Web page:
Diverticula; Dorsal enteric cysts; Dorsal enteric remnants; Enterocysts; Enterogenous cysts; Giant diverticula; Neurenteric cysts; Persistent neurenteric canal; Posterior mediastinal cysts; Thoracic duplications of the intestine
Gastrointestinal duplications (GIDs) are rare congenital malformations that consist of cystic or tubular replicas involving any segment of the gastrointestinal tract from the mouth to the anus and containing all three layers. The histologic criteria applied for the diagnosis of GIDs include (1) attachment to a segment of the GI tract, the mesenteric site of which is typically involved and with which they share a common blood supply; (2) a well developed smooth muscle envelope mimicking the normal muscularis propria; and (3) an epithelial lining derived from the alimentary or respiratory tract.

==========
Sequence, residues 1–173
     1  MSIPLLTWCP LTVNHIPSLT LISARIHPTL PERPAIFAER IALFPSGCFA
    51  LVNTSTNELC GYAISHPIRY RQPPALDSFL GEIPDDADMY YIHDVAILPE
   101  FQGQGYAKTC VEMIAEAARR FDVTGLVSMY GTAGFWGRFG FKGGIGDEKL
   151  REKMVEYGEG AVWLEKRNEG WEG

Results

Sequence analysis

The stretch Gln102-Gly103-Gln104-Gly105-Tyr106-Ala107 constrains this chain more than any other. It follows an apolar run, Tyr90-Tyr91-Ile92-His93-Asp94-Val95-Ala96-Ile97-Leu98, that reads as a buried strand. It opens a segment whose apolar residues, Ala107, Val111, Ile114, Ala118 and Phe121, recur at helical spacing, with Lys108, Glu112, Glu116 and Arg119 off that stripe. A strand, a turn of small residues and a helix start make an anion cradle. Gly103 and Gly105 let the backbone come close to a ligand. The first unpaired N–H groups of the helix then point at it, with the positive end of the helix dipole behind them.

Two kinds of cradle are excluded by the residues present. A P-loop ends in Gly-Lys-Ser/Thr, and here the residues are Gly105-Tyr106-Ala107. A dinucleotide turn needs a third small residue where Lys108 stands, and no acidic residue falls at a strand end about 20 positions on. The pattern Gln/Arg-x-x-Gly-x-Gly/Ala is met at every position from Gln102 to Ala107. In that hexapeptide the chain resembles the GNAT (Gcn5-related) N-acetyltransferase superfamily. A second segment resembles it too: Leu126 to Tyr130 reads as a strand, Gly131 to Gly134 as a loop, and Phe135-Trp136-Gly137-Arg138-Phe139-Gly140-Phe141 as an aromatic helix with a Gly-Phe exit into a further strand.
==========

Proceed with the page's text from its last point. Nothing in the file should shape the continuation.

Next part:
Among the validated theories to define the embryogenesis of GIDs are the fusion of embryological longitudinal folds; persistence of the normal...
References and Further Reading
- Fenoglio-Preiser, C., Noffsinger, A., Stemmermann, G., et al. (2008). Gastrointestinal pathology (3rd ed., pp. 746–747). Lippincott: Williams and Wilkins.Google Scholar
- Plummer, J. M. (2009). Intestinal duplication presenting with recurrent abdominal pain. Canadian Journal of Surgery, 52(4), 103–104.Google Scholar